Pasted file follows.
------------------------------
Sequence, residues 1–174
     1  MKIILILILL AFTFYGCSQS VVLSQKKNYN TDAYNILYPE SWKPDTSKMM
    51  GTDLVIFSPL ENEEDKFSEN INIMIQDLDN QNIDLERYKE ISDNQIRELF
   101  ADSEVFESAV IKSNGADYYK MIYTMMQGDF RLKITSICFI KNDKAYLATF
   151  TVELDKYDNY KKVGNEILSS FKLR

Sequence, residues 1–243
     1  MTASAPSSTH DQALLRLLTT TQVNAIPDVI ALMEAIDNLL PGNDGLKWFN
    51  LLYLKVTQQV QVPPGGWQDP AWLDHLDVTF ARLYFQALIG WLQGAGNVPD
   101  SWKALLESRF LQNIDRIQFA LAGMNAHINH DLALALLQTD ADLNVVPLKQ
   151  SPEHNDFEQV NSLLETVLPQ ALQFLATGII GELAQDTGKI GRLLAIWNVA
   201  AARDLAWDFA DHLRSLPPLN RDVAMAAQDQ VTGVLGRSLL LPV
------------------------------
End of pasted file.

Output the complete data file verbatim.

Sequence, residues 1–174
     1  MKIILILILL AFTFYGCSQS VVLSQKKNYN TDAYNILYPE SWKPDTSKMM
    51  GTDLVIFSPL ENEEDKFSEN INIMIQDLDN QNIDLERYKE ISDNQIRELF
   101  ADSEVFESAV IKSNGADYYK MIYTMMQGDF RLKITSICFI KNDKAYLATF
   151  TVELDKYDNY KKVGNEILSS FKLR

Sequence, residues 1–243
     1  MTASAPSSTH DQALLRLLTT TQVNAIPDVI ALMEAIDNLL PGNDGLKWFN
    51  LLYLKVTQQV QVPPGGWQDP AWLDHLDVTF ARLYFQALIG WLQGAGNVPD
   101  SWKALLESRF LQNIDRIQFA LAGMNAHINH DLALALLQTD ADLNVVPLKQ
   151  SPEHNDFEQV NSLLETVLPQ ALQFLATGII GELAQDTGKI GRLLAIWNVA
   201  AARDLAWDFA DHLRSLPPLN RDVAMAAQDQ VTGVLGRSLL LPV